Hip and Groin Pain
What is Hip and Groin Pain?
Hip pain is a condition that originates from an injury or from a pre-existing condition. Yet, among many cases of hip pain, inflammation of the tendon in the pelvic area is the most common. Hip and groin pain can be related and they can be caused by a variety of muscle or joint problems in your pelvis. Sometimes, hip pain can be construed as lower back pain.
Pain on the hip joint is sometimes caused by sitting frequently in long periods of time, landing your butt clumsily, sports that require too much pelvic movement, a sedentary lifestyle, and arthritis. Hip joints can become achy when they stagnate in a fixed position for a lengthy duration, or when they are being moved repetitiously and uncomfortably.
A groin strain is a relatively common condition characterized by tearing of some or all of the groin muscles. The muscles at the inner aspect of your thigh are known as the adductor muscles (groin). These muscles originate from the pelvis and insert into the inner aspect of the thigh and lower leg bones.
The groin muscles are responsible for stabilizing the pelvis and moving the leg towards the mid-line of the body. They are particularly active during running and kicking. A groin strain commonly occurs due to a sudden contraction of the groin muscles often when they are in a position of stretch. This typically occurs during rapid acceleration while running, particularly when changing direction or when a footballer performs a long kick. They are commonly seen in running sports such as football, hockey and athletics (particularly sprinters, hurdlers, and long jumpers) as well as skiing, horse riding and gymnastics. Groin strains tend to occur more commonly in older athletes and, in particular, after doing a sport without an adequate warm-up.
Groin strains range from a grade 1 to a grade 3 strain and are classified as follows:
- Grade 1 – a small number of muscle fibres are torn resulting in some pain but allowing full function.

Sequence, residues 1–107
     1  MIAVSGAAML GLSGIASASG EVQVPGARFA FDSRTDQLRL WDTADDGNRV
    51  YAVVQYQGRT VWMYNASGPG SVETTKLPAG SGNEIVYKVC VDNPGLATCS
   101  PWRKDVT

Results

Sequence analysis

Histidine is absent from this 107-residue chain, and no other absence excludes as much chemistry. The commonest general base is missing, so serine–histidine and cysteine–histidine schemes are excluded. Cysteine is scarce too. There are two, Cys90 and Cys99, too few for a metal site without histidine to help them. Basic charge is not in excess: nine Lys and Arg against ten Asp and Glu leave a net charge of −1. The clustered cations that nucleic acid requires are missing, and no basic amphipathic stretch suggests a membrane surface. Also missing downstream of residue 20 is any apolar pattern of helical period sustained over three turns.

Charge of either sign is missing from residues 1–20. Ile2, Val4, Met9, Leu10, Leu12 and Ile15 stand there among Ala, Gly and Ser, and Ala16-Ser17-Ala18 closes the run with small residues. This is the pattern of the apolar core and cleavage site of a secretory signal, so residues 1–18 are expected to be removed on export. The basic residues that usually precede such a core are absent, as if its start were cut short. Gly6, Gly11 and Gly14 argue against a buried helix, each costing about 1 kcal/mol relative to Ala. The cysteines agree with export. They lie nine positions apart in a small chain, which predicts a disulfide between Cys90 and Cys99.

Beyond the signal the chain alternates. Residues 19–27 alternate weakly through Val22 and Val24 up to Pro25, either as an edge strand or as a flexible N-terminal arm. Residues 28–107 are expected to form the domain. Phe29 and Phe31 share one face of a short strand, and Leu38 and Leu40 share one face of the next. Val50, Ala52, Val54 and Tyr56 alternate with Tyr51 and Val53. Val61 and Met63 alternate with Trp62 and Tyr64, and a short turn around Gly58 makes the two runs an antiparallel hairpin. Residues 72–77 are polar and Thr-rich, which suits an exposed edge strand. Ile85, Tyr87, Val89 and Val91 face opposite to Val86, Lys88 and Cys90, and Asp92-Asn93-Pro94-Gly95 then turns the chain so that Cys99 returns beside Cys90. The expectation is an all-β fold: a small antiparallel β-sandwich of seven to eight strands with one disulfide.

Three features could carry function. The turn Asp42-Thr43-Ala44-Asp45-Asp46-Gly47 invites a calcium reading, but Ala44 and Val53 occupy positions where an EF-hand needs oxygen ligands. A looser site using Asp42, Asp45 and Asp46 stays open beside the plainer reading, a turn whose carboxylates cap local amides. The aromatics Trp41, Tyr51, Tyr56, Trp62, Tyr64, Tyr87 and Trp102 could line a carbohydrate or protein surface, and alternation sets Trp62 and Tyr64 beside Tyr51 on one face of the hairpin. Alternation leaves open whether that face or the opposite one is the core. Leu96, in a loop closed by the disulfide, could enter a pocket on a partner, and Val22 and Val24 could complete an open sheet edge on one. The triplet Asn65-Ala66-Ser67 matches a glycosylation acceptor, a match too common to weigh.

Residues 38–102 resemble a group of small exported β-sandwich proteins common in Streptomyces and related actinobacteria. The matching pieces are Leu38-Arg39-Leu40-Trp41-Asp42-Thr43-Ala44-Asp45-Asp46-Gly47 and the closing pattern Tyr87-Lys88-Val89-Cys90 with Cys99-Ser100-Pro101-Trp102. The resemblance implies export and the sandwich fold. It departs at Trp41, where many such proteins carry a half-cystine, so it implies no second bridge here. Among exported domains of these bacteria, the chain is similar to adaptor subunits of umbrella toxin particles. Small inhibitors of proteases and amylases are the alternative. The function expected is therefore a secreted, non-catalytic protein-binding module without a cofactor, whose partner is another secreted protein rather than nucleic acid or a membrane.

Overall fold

- Grade 2 – a significant number of muscle fibres are torn with moderate loss of function.
- Grade 3 – all muscle fibres are ruptured resulting in major loss of function.
Osteopathic Treatments on Hip Pain and Groin Strain
Your osteopath will analyse your lower back and lower limb mobility in order to identify the cause of your pain. Because the hip is the centre of movement between the upper and lower parts of the body, it can easily be stricken by improper control of motions, incorrect posture, and unstable physical exercises.
Treatment and management strategies implemented for hip pain and groin strain are very important as this is an injury that may become chronic if not managed appropriately. Some modalities that your osteopath may include in treatment for this condition include:
- Soft tissue mobilisation
- Muscle energy techniques
- Thermal therapies
- Biomechanical correction / corrective exercises
- Strengthening exercises
- Injury education
- Advice on anti-inflammatory medications
- Dry needling
With appropriate management, patients with minor groin strains can usually recover in 1 to 3 weeks. With larger tears, recovery may take 4 to 6 weeks or longer, depending on the severity. Osteopathy treatment for patients with this condition is vital to hasten the healing process, ensure an optimal outcome, and reduce the likelihood of future recurrence.
For further information or to consult with one of our skilled osteopaths, you can use the Contact Us or Appointment Request buttons at the top or bottom of this page.